Run Powershell commands on many systems

run powershell commands on many systems

One of the best things about powershell is the ability to run commands on many systems at once or in a loop. There are a few ways to do this and I’ll go over a few of my favorite in this post. First, We need to get an array filled with the systems that we want to work on.

Fill Array with Systems

This will be used in each of our methods for running commands on systems. Here is how the code looks:

# initialize the array
$systems = @()

$systems = (
     "System1",
     "System2",
     "System3"
)

Multiple PSSessions

First up is the simplest we will use New-PSSession and Invoke-Command. Since we already have our array of systems here is how you create the PSSession to ALL of the systems at once:

#Check for Creds and ask for them if they aren't found
if (!($Creds)) {$creds = get-credential -Message "Enter your Admin Creds"}

# Create PSSessions to all the systems in the array
$sessions = New-PSSession -ComputerName $systems -Credential $Creds

Now that we have our sessions we can run whatever commands we want using invoke-command. Here is an example of running gpupdate on all the systems at once. Whatever you put inside the curly brackets is what will be run on each system. For ease knowing the the heck happened I always put the hostname command first. This just prints the hostname right before the results of the second commands so you can tell if the command worked on each system. You can string multiple commands together with the semi-colon (;).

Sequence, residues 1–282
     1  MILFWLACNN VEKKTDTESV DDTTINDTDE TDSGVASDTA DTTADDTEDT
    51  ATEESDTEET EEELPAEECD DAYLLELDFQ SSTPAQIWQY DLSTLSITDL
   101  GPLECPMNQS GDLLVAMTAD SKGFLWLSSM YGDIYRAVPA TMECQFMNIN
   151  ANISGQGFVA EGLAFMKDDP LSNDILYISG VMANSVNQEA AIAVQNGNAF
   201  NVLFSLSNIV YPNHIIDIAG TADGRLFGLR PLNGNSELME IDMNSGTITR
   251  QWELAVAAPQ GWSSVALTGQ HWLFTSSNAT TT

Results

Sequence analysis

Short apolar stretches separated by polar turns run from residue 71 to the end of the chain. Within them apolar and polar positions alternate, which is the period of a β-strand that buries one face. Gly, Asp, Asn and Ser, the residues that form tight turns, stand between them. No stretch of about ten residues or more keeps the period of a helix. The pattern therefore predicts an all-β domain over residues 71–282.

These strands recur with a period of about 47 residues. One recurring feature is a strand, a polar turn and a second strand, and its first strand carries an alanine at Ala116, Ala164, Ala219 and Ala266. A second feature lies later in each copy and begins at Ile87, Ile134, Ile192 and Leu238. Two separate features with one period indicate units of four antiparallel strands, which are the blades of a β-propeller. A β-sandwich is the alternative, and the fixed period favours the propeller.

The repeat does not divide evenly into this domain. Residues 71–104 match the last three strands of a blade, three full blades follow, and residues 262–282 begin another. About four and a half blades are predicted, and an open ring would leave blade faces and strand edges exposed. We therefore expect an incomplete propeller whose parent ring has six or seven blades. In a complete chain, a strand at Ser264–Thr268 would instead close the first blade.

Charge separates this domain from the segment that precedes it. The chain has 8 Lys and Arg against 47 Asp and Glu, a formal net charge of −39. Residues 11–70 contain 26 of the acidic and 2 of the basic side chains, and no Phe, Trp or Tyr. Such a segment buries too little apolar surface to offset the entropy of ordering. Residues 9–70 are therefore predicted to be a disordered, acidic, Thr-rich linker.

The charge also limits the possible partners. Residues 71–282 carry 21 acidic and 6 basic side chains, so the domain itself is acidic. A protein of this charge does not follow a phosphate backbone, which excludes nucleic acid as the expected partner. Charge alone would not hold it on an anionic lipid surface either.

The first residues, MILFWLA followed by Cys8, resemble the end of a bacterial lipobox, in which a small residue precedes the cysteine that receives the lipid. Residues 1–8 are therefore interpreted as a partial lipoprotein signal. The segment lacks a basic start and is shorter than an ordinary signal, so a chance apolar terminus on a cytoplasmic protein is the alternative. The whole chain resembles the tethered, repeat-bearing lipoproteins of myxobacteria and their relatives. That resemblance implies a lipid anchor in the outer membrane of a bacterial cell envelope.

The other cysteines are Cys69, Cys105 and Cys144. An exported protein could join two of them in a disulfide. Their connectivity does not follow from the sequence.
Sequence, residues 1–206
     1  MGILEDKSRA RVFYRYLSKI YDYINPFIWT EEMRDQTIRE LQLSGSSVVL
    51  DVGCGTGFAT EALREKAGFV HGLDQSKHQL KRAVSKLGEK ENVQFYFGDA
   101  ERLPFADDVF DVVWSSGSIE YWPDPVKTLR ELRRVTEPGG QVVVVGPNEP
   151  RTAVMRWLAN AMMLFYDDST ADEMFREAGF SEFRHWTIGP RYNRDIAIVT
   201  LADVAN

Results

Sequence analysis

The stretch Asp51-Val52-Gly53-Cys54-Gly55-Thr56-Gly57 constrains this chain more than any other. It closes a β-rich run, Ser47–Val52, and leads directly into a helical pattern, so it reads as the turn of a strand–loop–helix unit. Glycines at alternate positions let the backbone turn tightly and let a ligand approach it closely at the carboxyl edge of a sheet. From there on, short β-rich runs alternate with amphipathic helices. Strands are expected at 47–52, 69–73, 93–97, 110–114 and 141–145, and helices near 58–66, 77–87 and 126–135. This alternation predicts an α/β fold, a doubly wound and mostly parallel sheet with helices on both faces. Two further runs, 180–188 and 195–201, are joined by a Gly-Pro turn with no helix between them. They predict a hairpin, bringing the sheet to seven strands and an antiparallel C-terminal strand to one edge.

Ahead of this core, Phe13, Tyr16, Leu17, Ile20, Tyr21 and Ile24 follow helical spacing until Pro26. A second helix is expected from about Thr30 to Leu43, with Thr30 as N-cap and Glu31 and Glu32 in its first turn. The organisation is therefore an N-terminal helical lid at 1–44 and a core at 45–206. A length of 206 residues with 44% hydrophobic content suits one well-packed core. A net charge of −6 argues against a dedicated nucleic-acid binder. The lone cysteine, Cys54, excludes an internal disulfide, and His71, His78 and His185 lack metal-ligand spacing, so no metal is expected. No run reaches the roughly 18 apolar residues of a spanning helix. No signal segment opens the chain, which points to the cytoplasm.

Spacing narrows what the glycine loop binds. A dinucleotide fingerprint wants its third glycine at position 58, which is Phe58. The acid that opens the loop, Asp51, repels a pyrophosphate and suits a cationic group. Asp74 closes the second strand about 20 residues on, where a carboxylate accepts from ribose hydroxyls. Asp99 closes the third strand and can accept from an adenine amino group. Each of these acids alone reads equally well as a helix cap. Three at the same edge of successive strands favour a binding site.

Invoke-Command -Session $sessions -ScriptBlock {hostname;gpupdate /force /boot}

Foreach loop

Depending on the command you are running maybe you don’t want all the systems to run the command at the same time. You can accomplish this with a foreach loop. We will still use invoke-command, but the commands will run one system at a time. We will run the same gpupdate command. Here is how that code looks:

foreach ($system in $systems){
     Invoke-Command -Computername $system -ScriptBlock {hostname; gpupdate /force /boot}
}

Foreach-Object loop (PS 7+ only)

Starting in Powershell 7 we have a new way to run for loops. We can run them in a mode called parallel. Instead of the old school for loop that runs one iteration at a time, it will run multiple iterations at once. You can even throttle it to say run 2 or three at once. This is my favorite loop type for sure. I mention the throttle because depending on the command you are trying to run if you have too many threads running at once its actually slower than a traditional for loop. Crazy right? You will see it as you use it more, but for the most part you can let it rip and its waaay faster than waiting on a regular loop. Here is how it looks with the same command we have been using:

$systems | ForEach-Object -Parallel  {
     Invoke-Command -Computername $_ -ScriptBlock {hostname; gpupdate /force /boot}
}

Notice that we use the $_ for the computer name. This is how you access the array one item at a time in this type of loop.

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